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Vitamin C and a specific diet may shrink tumours.

A non-toxic treatment combining high-dose intravenous vitamin C and a diet that mimics fasting can kill cancer cells and slow the progression of a common type of aggressive tumours, according to new research from California and Italy.

The researchers studied mice with cancers that have mutations in a gene known as KRAS. Around one-quarter of cancers have this type of KRAS mutation, and this figure grows to around 40% for colo-rectal cancers. KRAS-mutant cancers are resistant to most therapies, and patients with KRAS-mutant cancers have a lower survival rate.

A common method of treating these cancers is a combination of high-dose vitamin C and chemotherapy. Chemotherapy can cause severe adverse side-effects as it harms healthy cells and cancer cells alike.

A severely calorie-restricted diet has been shown to have benefits for heart health and can reverse type 2 diabetes, and can also make cancer cells more vulnerable. However, patients already weakened by illness can find it difficult to fast.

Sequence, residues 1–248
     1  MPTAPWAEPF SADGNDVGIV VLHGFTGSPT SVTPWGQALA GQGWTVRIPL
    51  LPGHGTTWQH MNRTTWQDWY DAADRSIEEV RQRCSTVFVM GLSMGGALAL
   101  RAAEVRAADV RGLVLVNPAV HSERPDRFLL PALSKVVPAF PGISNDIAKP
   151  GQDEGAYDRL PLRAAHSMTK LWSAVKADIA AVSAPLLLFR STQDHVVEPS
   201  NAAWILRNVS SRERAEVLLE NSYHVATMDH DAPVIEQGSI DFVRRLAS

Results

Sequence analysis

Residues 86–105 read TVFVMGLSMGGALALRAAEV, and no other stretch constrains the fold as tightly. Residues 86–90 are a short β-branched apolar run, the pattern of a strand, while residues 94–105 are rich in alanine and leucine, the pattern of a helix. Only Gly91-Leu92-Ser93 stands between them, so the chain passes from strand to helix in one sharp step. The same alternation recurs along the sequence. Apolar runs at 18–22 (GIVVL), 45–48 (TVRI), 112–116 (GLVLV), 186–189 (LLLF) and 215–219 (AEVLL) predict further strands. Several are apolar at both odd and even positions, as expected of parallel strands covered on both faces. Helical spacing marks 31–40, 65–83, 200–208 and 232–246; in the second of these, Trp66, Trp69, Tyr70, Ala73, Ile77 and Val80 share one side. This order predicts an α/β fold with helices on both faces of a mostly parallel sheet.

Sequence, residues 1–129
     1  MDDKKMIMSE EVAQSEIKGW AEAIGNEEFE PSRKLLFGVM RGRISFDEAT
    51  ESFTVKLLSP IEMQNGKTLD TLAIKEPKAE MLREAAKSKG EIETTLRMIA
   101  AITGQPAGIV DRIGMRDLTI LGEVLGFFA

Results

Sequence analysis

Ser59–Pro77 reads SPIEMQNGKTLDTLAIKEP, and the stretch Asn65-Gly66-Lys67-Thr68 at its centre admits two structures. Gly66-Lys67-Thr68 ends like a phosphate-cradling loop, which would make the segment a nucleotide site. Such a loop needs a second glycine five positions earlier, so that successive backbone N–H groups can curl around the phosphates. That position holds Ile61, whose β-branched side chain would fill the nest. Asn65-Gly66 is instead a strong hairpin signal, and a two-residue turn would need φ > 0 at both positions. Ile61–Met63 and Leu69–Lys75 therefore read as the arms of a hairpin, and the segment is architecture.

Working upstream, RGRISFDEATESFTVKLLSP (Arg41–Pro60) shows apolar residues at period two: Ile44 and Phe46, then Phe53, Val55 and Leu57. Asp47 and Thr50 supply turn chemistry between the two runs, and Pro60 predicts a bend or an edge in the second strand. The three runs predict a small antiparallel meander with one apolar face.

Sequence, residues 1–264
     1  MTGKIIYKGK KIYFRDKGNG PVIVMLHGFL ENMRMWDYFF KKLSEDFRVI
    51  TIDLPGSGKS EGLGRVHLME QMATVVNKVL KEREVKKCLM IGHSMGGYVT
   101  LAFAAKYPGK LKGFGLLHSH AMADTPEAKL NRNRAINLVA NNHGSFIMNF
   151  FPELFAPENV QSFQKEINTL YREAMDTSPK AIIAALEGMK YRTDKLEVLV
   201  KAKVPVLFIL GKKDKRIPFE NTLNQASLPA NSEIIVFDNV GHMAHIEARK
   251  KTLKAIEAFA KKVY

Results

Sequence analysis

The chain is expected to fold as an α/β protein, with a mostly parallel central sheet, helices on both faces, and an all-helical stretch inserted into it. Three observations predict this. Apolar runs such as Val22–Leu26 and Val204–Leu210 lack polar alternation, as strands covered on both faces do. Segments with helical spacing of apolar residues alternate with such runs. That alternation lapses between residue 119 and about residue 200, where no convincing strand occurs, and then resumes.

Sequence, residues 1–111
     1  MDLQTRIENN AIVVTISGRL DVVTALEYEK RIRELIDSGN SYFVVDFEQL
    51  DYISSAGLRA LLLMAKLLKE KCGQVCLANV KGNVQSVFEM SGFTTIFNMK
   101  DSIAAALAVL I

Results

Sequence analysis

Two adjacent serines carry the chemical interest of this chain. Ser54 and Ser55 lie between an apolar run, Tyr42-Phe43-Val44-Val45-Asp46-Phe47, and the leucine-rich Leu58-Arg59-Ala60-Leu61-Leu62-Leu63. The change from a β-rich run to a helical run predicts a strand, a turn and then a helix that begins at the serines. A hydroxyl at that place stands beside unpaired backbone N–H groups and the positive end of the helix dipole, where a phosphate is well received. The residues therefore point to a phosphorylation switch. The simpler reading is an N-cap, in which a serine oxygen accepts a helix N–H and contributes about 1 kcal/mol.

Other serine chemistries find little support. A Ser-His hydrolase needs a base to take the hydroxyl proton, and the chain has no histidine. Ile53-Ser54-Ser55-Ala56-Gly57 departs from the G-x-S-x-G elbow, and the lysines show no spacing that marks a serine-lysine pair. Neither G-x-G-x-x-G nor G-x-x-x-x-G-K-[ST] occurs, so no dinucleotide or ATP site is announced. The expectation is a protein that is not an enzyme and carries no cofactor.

The researchers developed a plant-based diet that mimics the effects of fasting by minimising carbohydrates and proteins, replacing them with fats from olives and flax seed.

When used alone, the diet and the vitamin C therapy caused a minor increase in cell death, but when applied together the effect was much more dramatic, killing almost all cancer cells and slowing tumour growth.

If replicated in humans this research could provide further tools in the fight against cancer.

At PIM we have a particular interest in injectable nutrient therapies such as high-dose vitamin C, as well as the influence of diet on all aspects of our health and wellbeing. Contact us to learn more.


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